(February 18, 2013) - Mr. Speaker, in support of this Government’s vision of an environmentally sustainable and prosperous Northwest Territories, the Department of Public Works and Services recently installed four more biomass heating systems in Fort Providence, Yellowknife, Behchoko and Fort Simpson.
In November, Public Works and Services installed a new wood pellet boiler at the Combined Services Building at the Yellowknife Airport. This is the fifth such system the Department has installed in Yellowknife, and it is expected to save the GNWT approximately 256,000 litres of fuel oil a year for an estimated annual savings of $130,000.
Elizabeth Mackenzie Elementary School in Behchoko and Deh Gah School in Fort Providence are also benefitting from this technology. Together the wood pellet boilers installed at these schools will eliminate the need for over 170,000 litres of fuel oil a year, and will reduce greenhouse gas emissions by as much as 474 tonnes annually. The savings achieved by using biomass systems at these schools is expected to surpass $117,000 annually.
Earlier this year, Fort Simpson’s Central Heating System started to operate full time on a new wood pellet boiler. This system links the community recreation complex, Bompass Elementary School and Thomas Simpson School to one boiler system. It will be able to accommodate expansion tie-ins to help heat other nearby buildings like the GNWT Office Building over time. Once fully operational, the system has the ability to displace up to 356,000 litres of fuel oil a year and reduce greenhouse gas emissions by an additional 971 tonnes per year.
Like the Fort Simpson system, the wood pellet boiler installation at Elizabeth Mackenzie School in Behchoko was also designed to serve multiple buildings. This installation will be able to provide heat to the community’s sports complex and a future NWT Housing Corporation project.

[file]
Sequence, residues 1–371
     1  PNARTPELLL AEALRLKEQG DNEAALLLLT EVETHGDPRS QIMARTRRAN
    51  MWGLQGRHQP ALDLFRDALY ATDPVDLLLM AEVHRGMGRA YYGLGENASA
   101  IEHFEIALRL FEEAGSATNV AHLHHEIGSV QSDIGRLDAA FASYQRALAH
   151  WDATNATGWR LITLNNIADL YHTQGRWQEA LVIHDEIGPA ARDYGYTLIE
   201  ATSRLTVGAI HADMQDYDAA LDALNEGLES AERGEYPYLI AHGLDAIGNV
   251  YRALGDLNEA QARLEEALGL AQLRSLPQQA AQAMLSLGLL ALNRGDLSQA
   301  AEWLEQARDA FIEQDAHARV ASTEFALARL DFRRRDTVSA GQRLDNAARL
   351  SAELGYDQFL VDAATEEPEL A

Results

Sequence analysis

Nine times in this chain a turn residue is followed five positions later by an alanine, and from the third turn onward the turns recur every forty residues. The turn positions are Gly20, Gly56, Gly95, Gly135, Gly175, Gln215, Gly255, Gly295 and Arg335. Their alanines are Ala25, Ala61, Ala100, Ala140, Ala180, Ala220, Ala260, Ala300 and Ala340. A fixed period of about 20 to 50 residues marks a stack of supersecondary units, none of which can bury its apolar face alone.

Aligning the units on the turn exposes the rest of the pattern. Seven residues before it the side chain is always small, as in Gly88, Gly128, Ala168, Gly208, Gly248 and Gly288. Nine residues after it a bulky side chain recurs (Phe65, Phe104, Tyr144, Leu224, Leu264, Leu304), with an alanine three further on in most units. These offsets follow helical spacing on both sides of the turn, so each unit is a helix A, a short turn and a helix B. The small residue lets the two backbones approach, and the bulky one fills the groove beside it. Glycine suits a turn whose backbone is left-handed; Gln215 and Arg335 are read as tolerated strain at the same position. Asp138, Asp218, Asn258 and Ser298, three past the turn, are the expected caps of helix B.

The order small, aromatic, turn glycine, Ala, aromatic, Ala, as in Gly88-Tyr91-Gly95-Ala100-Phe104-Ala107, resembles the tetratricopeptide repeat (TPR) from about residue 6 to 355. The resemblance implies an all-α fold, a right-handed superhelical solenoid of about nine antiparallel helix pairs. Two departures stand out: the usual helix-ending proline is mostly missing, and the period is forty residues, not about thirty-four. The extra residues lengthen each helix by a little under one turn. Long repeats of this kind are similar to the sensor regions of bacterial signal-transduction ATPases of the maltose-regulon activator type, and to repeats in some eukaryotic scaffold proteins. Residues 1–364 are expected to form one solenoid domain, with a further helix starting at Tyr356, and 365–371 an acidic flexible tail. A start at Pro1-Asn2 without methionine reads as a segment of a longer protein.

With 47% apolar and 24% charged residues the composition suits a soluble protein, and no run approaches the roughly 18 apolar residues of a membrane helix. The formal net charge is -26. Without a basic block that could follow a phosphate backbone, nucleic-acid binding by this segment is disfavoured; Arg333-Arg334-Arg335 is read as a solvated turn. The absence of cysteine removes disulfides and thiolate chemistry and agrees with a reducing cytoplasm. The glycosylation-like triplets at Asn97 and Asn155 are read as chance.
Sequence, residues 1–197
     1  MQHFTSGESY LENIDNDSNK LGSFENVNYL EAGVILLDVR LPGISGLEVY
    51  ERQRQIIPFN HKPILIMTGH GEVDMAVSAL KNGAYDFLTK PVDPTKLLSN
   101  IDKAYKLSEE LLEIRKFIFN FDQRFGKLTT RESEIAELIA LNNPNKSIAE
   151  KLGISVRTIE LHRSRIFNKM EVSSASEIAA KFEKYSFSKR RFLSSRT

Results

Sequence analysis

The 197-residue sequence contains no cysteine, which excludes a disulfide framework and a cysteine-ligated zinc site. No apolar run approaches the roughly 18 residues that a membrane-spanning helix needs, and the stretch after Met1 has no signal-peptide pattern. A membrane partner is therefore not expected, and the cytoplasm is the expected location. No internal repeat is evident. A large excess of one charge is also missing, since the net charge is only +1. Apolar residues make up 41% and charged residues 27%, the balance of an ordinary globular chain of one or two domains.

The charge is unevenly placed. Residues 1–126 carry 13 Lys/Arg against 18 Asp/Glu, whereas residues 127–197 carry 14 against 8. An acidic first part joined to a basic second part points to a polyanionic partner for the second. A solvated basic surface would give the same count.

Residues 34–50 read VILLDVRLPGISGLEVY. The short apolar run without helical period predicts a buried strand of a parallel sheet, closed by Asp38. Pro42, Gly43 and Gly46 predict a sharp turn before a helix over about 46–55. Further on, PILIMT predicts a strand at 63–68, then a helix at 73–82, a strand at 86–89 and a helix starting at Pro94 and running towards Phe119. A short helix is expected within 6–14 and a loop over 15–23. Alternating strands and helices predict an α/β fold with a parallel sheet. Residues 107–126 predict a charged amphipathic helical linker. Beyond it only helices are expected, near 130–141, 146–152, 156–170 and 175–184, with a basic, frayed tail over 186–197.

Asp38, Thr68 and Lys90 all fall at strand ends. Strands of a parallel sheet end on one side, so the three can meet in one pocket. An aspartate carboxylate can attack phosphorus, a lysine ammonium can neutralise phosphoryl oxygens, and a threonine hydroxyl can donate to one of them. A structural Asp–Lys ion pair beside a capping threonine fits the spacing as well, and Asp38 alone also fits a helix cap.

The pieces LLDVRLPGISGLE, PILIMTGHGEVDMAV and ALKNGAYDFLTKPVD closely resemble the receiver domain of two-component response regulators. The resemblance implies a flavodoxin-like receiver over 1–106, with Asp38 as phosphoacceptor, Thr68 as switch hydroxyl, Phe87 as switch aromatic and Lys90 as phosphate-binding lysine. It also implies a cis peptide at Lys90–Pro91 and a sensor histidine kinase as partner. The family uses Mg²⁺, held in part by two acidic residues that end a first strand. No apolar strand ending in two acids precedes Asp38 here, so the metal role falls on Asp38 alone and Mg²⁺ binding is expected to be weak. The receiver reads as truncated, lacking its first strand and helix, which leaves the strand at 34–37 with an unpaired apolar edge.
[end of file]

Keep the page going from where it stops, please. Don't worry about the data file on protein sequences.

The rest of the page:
Mr. Speaker, these projects mark an important development in our approach to biomass technology. By designing systems that can serve multiple buildings, our government is better positioned to maximize our investment in energy efficient technologies like biomass.
Mr. Speaker, these four newest wood pellet boilers are expected to save over $400,000 annually, savings that will grow should they be expanded. There are currently 20 government buildings benefitting from this technology, including our very own Legislative Assembly Building, which has contributed to reducing our greenhouse gas emissions by an estimated 25,000 tonnes since 2007-08, saving the GNWT an estimated $3.9 Million. This is effective, efficient use of public infrastructure that maximizes value while being environmentally sustainable.
Next, biomass projects are planned for the new health centres in Fort Providence and Hay River, the new office building in Yellowknife, and five buildings in Norman Wells: the new health centre, the long term care facility, Mackenzie Mountain School, the airport terminal and the combined services building.
The benefits of investing in biomass and other alternative energy technologies continue to speak for themselves, and I look forward to providing Members with updates on these projects as they progress.